Exactly what is "issues management"? Itís a three-parter:
Letís define it by example:
If you know an earthquake will hit next week, and if you initiate the proper precautions, youíre practicing disaster management. If you have a strong suspicion that computer stocks are going to take a dive and you position yourself advantageously, youíre practicing investment management.
If you know your state legislature is on verge of introducing -- and eventually enacting -- legislation that will affect the way your organization operates, and if you take steps to solve these problems before the legislation becomes law, youíre practicing issues management.
Issues management is essential to business survival, and is concerned with what public relations counselor Larry Newman of the Newman Partnership calls "alternative futures." Issues management identifies future trends. ("Trends" are series of events that can be estimated and measured over time. An "event" is a single, confirmable occurrence.)
Forecasting. Thatís what issues management is all about. Itís identifying the problems and concerns that will affect your organization in the future, and determining what steps you will take to lessen the impact that they have on your organization. Public relationsí role as strategic counsel positions the profession well in the issues management discipline.
Good issues management programs identify early those critical issues that will affect your organization measurably. They also try to influence the issues so that they donít become major problems.
Phase One: You fill a pot with water. Itís there, but nothingís happening yet. Itís just a pot of water. But somethingís about to happen. You know it, everybody else knows it. Every issue begins as a potential issue. There is awareness, but nothingís underway . . . yet. The public feels that somethingís up, but isnít quite sure what it is. Issues analyst Max Meng calls this the "Potential Issue" stage.
Phase Two: You put the pot on the burner and turn the stove on. Somethingís going to happen soon and you can sense the water heating up. People begin talking about the issue and may start to form opinions. You can stop it at this point by influencing the issue (turn the burner off). Meng calls this the "Emerging Issue" stage.
Phase Three: Bubbles form on the bottom and climb up the sides of the pot. The surface of the water begins churning. The water is heating up at a furious rate, and the action increases in intensity. The issueís full impact can now be forecast. You know how much it is -- or isnít -- going to affect your organization. Meng calls this the "Current Issue" stage.
Phase Four: The water in the pot is boiling madly. Itís out of control. Thereís no way you can stop the boiling without drastic action (even plunging the pot into a pan of ice cubes wonít work quickly enough). The issue has reached a crisis stage and cannot be easily managed. You had better be prepared to deal with it, because you will inevitably experience the full consequences of the issue. Meng calls this the "Crisis Issue" stage.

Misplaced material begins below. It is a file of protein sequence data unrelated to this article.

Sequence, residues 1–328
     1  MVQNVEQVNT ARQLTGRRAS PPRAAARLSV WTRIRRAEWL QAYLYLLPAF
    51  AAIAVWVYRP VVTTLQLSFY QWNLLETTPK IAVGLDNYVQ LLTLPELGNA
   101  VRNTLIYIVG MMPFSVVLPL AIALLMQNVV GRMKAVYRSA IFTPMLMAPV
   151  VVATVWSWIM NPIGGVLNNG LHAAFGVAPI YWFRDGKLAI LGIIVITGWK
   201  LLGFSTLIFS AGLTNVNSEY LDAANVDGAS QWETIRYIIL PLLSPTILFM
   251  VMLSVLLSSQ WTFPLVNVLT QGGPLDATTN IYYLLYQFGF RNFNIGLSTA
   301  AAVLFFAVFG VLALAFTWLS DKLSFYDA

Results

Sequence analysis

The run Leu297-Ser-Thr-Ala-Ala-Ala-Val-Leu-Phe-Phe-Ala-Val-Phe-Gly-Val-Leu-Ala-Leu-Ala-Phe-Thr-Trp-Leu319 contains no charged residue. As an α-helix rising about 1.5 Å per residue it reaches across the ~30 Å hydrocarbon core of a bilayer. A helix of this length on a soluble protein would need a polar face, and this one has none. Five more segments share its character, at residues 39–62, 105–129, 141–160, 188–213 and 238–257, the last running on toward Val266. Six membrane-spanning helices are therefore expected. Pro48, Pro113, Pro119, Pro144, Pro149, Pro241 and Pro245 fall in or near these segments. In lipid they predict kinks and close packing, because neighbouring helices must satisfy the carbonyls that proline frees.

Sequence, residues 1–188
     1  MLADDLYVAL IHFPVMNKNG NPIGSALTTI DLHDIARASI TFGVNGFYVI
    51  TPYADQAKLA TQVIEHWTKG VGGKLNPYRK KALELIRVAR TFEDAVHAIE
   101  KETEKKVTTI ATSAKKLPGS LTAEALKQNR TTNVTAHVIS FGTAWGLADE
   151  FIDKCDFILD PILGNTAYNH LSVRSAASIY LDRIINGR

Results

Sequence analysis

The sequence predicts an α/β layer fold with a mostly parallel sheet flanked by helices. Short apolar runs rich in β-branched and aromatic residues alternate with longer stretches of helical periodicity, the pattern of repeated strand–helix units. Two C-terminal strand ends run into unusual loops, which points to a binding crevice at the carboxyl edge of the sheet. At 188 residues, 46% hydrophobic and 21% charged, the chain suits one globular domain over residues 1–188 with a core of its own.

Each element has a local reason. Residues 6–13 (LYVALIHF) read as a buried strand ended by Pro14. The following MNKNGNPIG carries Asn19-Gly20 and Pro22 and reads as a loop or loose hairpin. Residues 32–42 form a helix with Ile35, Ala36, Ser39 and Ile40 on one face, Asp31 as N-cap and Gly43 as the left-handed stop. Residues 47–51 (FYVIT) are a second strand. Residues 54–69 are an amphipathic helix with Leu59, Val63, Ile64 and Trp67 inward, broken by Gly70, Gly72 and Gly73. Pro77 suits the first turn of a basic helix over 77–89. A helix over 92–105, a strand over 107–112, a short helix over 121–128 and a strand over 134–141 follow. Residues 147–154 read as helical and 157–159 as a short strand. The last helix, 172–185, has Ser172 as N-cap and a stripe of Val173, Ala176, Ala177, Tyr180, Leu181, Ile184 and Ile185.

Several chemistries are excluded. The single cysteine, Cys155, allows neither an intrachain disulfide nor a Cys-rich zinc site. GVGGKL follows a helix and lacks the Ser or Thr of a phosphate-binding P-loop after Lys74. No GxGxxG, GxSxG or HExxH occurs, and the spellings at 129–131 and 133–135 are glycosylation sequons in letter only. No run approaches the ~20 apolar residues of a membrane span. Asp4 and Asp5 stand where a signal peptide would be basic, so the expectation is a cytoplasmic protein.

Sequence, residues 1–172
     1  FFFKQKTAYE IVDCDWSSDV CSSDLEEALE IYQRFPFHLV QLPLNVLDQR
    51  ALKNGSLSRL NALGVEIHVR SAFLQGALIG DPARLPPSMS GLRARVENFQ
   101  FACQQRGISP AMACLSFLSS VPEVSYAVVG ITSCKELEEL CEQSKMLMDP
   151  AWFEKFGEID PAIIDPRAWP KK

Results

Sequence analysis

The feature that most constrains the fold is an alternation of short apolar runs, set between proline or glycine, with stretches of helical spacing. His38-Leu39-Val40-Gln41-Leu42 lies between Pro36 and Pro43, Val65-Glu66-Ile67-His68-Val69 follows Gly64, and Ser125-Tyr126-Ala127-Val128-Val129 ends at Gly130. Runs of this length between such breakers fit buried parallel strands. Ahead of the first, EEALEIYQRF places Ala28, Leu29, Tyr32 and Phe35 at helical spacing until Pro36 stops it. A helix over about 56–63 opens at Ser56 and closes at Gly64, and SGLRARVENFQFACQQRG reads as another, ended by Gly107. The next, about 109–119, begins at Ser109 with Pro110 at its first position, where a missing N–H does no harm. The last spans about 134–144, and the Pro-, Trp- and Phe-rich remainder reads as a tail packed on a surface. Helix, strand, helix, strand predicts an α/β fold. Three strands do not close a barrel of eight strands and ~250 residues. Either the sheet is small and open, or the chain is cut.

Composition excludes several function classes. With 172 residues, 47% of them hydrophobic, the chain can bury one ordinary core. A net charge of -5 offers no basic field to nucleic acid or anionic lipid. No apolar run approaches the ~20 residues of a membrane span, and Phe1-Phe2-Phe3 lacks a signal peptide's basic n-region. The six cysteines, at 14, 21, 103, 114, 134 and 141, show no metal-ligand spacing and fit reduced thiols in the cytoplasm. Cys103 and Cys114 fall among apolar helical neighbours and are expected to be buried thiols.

Phase Five: You turn the heat off. Having done its job, the water cools, but continues to simmer just below the boiling point. Just like the water, the issue may run its course. But itís always there. It may become an integral part of our operations or society. It may be accepted by all. On the other hand, it may re-emerge if conditions are right. You need to recognize this, and remain prepared to deal with it anytime in the future. Meng calls this the "Dormant Issue" stage.
What is required of successful and effective issues managers? How can you help your organization?
First, be prepared, and position yourself to recognize significant trends. You must listen, read and think. Read The Futurist, published by the World Future Society. Read trade and business journals. Listen to business leaders. Listen to economists and futurists. Think about how you can meet and address the challenges of tomorrow.
Be on a constant lookout for trends. Learn to differentiate long-term trends from short-term fads. Brainstorm with your colleagues. Look for both short- and long-term solutions to problems. Anticipate the future and prepare for eventualities.
Do a formal analysis of the situation. Prepare focus statements that describe your thoughts. Estimate the psychological, sociological and financial effects of the anticipated changes. Identify the people and organizations who will be affected by the issue, and set your priorities accordingly
Determine your organizationís position and make an action recommendation to management, based on your best information. Remember that the recommendation(s) must benefit (probably in this order) your organization, its stakeholders and the public good.
Study, identify and create a data base of specific publics and thought-leaders who will support you. Look long and hard for decision-makers and likely supporters. Determine which groups are most amenable to targeted communication. And donít forget to identify and list likely detractors; youíll want to know who they are, and where their "hot buttons" are.
All effective public relations is behavioral. You are trying to elicit a specific and measurable action from your target publics. It is therefore incumbent upon you not to forget to determine what do you want your audiences to do. What specific action do you want them to take? How can they express -- through individual or group action -- their support for you? This is key.
Opportunities are presented every hour of every day. The successful issues managers are those who have the ability to step outside of the accepted paradigms, who can forecast trends, who can determine what effect(s) the trends will have on their organization, and who can change the organizationís practices to take advantage of the impending changes.
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